Wireless LAN Key generator
WEP Strong Key Generator
Whatever bad you may have heard about WEP (Wired Equivalent Privacy) encryption for wireless networks, not using it is asking for trouble. Usually it is quick and easy to set up, and at the very least, it doesn't cost you anything!
If you are worried about using WEP keys generated on a Web page, then you have a few options:
- Don't! Think up keys for yourself.
- The code authors have made the code downloadable so you can run it locally from your PC. That gets around any worries you may have about Internet generated passwords.
- Use another password generator. A good (and free) one is PasswordGeneratorXP by WinCatalog.com. To use this you'll have to set the length to 10 for a 64-bit key or 26 for a 128-bit key, uncheck all the options apart from "Other (your symbols)" and into the text box paste the following 16 characters ABCDEF0123456789
To generate a random WEP key, select the bit key length to generate and press the corresponding button; the ASCII or HEX key can then be copied to your clipboard manually or via the copy to clipboard button to the right of the generated key text field.
A good primer on WEP key setup and terms is located here.
As well as resetting your WEP key, you should follow these simple rules for making WEP as secure as possible.
- If your WEP software asks you for a passphrase or string to generate a key, do not use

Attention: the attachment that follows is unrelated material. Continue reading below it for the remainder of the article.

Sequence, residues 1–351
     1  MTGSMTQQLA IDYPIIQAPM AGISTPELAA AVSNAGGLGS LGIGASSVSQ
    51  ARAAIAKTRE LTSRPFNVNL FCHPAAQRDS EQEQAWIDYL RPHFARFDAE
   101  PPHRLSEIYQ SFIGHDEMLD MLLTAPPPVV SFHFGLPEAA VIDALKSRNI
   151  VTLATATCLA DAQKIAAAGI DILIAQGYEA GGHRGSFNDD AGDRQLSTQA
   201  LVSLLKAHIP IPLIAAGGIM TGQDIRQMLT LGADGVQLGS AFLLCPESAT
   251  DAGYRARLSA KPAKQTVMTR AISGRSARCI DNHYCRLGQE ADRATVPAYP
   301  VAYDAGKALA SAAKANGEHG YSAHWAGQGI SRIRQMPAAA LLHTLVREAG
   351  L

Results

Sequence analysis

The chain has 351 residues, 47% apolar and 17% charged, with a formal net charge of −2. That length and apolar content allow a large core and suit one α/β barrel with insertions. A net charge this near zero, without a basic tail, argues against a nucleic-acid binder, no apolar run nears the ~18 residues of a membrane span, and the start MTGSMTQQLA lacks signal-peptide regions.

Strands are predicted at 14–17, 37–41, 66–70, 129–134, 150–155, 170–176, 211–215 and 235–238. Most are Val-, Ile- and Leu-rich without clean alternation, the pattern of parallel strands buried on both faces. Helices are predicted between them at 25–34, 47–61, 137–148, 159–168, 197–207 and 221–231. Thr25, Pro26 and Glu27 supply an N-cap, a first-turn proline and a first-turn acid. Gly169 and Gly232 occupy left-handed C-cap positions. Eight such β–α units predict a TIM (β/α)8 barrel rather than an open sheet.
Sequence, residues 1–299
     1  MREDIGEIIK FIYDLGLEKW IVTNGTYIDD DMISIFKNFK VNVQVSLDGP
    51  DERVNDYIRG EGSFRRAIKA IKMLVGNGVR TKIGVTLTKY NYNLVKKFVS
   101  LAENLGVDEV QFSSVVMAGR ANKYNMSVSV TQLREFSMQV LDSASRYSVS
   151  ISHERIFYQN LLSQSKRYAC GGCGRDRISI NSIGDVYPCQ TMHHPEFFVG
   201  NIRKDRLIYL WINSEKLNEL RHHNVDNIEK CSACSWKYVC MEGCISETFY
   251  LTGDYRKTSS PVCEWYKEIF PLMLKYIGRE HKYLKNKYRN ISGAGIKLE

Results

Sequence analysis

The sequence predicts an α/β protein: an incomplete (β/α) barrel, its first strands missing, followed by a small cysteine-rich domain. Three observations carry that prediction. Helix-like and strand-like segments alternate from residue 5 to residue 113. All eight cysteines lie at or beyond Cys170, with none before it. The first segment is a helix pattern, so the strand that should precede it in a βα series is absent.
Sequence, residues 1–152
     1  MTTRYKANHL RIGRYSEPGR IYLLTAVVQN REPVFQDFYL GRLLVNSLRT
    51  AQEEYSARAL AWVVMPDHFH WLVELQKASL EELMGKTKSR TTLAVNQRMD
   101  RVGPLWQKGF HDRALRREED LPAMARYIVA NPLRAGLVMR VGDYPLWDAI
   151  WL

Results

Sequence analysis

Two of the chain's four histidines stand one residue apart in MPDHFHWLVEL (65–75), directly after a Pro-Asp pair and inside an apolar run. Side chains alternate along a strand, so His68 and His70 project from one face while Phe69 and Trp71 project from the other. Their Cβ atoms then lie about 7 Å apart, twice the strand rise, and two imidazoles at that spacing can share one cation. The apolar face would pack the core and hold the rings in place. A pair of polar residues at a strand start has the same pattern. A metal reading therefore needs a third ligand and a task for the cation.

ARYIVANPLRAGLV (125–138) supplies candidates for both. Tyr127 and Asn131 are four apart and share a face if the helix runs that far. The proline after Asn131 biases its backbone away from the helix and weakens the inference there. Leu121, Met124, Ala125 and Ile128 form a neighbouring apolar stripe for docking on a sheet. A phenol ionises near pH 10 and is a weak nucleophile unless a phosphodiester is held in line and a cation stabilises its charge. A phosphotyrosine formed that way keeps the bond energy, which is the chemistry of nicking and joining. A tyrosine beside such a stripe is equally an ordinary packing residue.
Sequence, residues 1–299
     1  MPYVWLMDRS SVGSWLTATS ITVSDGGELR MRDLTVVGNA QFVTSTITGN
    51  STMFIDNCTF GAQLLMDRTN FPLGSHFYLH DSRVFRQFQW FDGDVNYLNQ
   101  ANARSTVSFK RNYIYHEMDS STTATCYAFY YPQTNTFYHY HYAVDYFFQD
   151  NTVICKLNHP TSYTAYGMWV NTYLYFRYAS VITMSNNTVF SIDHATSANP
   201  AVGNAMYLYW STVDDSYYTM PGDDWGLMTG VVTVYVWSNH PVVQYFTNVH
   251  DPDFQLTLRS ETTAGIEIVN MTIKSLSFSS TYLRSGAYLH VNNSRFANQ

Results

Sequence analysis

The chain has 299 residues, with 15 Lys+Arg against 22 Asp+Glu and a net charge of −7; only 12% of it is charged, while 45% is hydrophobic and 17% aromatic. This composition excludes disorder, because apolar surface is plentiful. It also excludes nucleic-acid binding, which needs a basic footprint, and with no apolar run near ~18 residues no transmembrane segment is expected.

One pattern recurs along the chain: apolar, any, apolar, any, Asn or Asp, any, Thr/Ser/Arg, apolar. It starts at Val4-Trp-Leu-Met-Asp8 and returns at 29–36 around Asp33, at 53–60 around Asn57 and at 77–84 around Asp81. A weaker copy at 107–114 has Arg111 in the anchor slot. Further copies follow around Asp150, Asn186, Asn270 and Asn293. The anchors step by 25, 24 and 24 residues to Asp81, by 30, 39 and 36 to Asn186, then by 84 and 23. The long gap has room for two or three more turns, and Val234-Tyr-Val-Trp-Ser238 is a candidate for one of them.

simple, easy to guess stuff like your SSID (Service Set IDentifier), company name, network name, or any other easy to guess alphanumeric string.
- If your software allows it, disable SSID broadcasting. It means that you won't have automatic network detection but it does add to the security of the network.
- Treat setting WEP keys the same way you a strong password. Choose good ones and don't write them down, send them b email and so on.
- If you must manually enter the key, you're restricted to the numbers '0-9' and letters 'a-f'. In this case, don't simply hit the same key over and over again or use some simple pattern like 1,2,3, and so on. These are not only easy to guess but quick to break.
- If your product vendor requests 40-bit keys, use the 64-bit key
- If your product vendor requests 104-bit keys, use the 128-bit key
- Apple users can enter HEX keys into their AirPort setup by prefixing the generated string with a"$" symbol
(i.e. if the generated HEX code is 6b5e454532 then you would enter $6b5e454532 into your configuration)
- One ASCII Character is Eight (8) Bits
- One HEX Character is Four (4) Bits
- 40 or 64 bit ASCII WEP code has 5 characters
- 40 or 64 bit HEX WEP code has 10 characters
- 128 bit ASCII WEP code has 13 characters
- 128 bit HEX WEP code has 26 characters